Housing Maintains Momentum In An Election Year
Housing Quick Take
November home sales slow more than normal in an election year. Our aforementioned research highlighted that new home sales slow more from October to November in an election year compared to the other three years of the cycle. As noted, the slowdown has been historically concentrated in November and made up in the following months.
Election years do better than the year prior. Looking at all twelve months, home sales grow low single-digits compared to the year before.
Application To Today
The housing market is blessed with great demographic tailwinds and low interest rates. In fact, preliminary responses from our annual Millennial survey show that a fourth of our respondents plan on buying a home in the next 1-3 years. However, we need to keep an eye on affordability, which continues to be a top concern for today’s housing market. Furthermore, consumers are more skittish than normal and home shoppers could halt their search if the media’s take on the economy or housing market turns negative.
Election Years Are Best For Spending
Spending Quick Take
An uptick in spending corresponds with an election year. Both consumer and business spending historically increase in an election year (see graph below). This was a surprising finding to us but could be related to the positive messaging on the economy from the presidential nominees or actual pro-growth policies from incumbents trying to get re-elected.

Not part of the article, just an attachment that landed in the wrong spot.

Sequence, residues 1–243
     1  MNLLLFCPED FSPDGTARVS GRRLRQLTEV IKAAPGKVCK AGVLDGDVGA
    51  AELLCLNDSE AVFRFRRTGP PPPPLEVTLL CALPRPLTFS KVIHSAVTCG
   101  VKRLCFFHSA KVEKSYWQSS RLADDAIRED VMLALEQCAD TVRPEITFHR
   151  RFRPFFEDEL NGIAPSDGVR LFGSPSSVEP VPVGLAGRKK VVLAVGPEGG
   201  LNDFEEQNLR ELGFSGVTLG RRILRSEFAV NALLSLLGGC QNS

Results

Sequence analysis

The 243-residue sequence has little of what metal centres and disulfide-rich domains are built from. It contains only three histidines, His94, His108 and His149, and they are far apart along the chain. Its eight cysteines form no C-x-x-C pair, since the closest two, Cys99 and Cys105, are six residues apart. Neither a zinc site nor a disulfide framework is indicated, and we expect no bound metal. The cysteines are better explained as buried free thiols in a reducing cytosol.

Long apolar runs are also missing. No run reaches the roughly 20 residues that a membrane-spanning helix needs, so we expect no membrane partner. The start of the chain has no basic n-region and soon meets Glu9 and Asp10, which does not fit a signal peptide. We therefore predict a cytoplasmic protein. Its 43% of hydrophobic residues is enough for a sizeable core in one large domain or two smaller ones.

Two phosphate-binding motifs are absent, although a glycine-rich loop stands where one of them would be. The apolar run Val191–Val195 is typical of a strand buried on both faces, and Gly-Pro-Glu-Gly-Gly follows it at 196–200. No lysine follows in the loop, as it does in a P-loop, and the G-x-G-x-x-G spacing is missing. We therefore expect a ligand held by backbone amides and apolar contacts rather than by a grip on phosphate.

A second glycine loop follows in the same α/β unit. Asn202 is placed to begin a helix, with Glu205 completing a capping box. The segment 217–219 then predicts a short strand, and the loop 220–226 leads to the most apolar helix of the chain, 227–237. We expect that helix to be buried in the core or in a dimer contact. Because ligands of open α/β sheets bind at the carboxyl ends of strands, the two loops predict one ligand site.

Application To Today
The spread between consumer and CEO confidence is currently at a cycle-high. The job market is the main contributor to consumer optimism as people recognize that they have jobs, raises are more common than in the past, and job openings are close to an all-time high. We believe today’s consumer is still in a good place.
Business leaders, on the other hand, are anxious about future growth, which has resulted in a pullback in spending. We think it’s unlikely that business spending will take off similar to the historical uptick in an election year because threats to growth from a business owner’s perspective persist (fears of a recession, trade war, labor constraints, etc). We do, however, think a slight rebound in business spending is possible thanks to the phase one trade deal signed in mid-January.
Job Growth’s Slowest Year Is Right Before An Election
Labor Market Quick Take
There’s a negligible difference in job growth throughout the four-year election cycle. The only clear trend in the data historically is that the year before an election year has been the slowest.
Application To Today:
We believe economic growth will continue on its current trend of growing but slowing. The tight labor market will constrain additional growth, which is to be expected with an unemployment rate at a 50-year low.